(Bloomberg) -- A valuation bulwark that had supported stocks relative to credit is starting to erode.
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The model compares profit streams with interest rates. It shows the S&P 500’s earnings yield, the reciprocal of its price-earnings ratio, at around 5% now trails the rate from a lower tier of 10-year investment-grade bonds for the first time in more than a decade, according to Morgan Stanley data.
The last time the spread was negative in 2010, the S&P 500 went flat the following year, halting a two-year rally.
“Because the spreads on investment grade corporate bonds have recently widened, stocks no longer look attractively priced versus comparable corporate debt,” Lisa Shalett, chief investment officer of Morgan Stanley Wealth Management, wrote in a note to clients.
The data highlights a potentially weakening foundation for stocks at a time when the Federal Reserve is hiking interest rates at the fastest pace in decades while analysts are slashing their estimates on corporate earnings. Since the start of July, expected profits from S&P 500 companies for the current quarter have dropped by roughly $3 to $56.62 a share, data compiled by Bloomberg Intelligence show.
While the downgrade sets a lower bar for firms to clear when they start reporting next month, it also highlights some worrisome trends for stock bulls. After years of near-zero interest rate policy from the Fed pushed investors into riskier assets, that mantra -- sometimes abbreviated TINA, for “there is no alternative” -- is losing sway with the central bank poised for another jumbo rate hike later this month.
Valuation is a famously poor timing tool, and investors are showing themselves capable of brushing aside gloomy outlooks -- for now. Stocks just snapped three weeks of declines. Up almost 1% as of 2:20 p.m. in New York, the S&P 500 was heading for a fourth straight advance -- the longest winning streak in two months.
The gains came as investors who had cut equity exposure were forced to chase rallies with the market bouncing back. From short sellers to rules-based traders, bears were rushing for cover, adding fuel to the advance.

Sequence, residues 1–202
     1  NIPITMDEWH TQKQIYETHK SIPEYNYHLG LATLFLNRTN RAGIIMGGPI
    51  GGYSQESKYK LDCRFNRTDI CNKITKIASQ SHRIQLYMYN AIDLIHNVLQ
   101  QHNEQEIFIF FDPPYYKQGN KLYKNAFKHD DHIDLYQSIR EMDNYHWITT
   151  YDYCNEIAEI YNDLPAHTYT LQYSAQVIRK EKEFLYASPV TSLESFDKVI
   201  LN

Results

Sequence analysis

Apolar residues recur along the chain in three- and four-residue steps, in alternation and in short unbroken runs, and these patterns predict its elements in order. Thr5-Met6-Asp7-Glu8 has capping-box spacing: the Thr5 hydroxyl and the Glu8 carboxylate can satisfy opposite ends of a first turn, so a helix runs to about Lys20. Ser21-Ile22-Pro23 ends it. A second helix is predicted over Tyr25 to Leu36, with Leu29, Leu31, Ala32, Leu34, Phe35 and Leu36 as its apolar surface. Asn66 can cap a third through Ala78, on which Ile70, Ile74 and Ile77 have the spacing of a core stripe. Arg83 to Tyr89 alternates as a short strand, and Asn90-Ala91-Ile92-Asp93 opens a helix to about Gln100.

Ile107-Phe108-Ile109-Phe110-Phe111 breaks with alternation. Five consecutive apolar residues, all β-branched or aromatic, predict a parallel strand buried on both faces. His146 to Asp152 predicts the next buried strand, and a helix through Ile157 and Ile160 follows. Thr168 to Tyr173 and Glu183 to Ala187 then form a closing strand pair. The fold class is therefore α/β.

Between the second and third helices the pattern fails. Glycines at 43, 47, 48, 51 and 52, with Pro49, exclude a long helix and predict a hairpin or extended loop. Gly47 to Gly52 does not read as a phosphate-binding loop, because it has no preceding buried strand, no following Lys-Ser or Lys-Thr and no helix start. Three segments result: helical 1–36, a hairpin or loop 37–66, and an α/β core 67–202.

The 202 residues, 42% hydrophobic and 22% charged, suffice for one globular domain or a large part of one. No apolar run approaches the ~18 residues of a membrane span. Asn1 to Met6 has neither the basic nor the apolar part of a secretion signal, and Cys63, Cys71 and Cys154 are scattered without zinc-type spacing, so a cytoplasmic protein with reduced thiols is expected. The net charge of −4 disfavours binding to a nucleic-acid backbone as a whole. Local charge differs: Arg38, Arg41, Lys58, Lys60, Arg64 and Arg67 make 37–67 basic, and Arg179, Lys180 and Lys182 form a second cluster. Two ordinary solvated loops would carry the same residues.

The resilience in stocks is why Morgan Stanley’s chief US equity strategist, Mike Wilson, faced some push-back when visiting clients in London last week.
“There’s reluctance to embrace the bearish view because of recent positioning-driven squeezes,” Wilson wrote in a separate note.
To be sure, the signal sent by the study depends on which fixed-income rate is plugged in for comparison. Morgan Stanley looked at corporate bonds rated BBB. A comparison to 10-year Treasuries shows the message is less straight forward. Going by that, stocks are still moderately expensive relative to the history of the post-crisis bull market, but quite cheap compared with the longer historical series -- a period in which bond yields were generally much higher.
Morgan Stanley’s approach on stock-bond valuation is a version of something known as the Fed model that is the subject of a fair amount of debate among analysts. While the comparison provides a handy way to gauge relative value, Ed Yardeni, who coined the term “Fed Model,” has pointed out that the framework does not take into account the role of inflation. Corporate earnings and bond yields aren’t the same -- they move with different volatility and different sensitivity to inflation, one of the most important factors in today’s market dynamics.
Generally, inflation eats into future returns from fixed income. But for equities, the impact is more nuanced. If companies can pass higher prices to end users, that can help boost profits. In that sense, a case can be made that equity risk premium, or the yield gap over bonds, stays subdued.
“The argument is that stocks are a better asset to own than bonds in such a regime and therefore deserve a lower risk premium,” Wilson said. “While we agree with the premise of that argument and, in fact, used that exact statement to go all in on stocks in late March 2020, we don’t think it’s an appropriate rationale today if one believes we are entering a significant cyclical downturn for earnings forecasts.”
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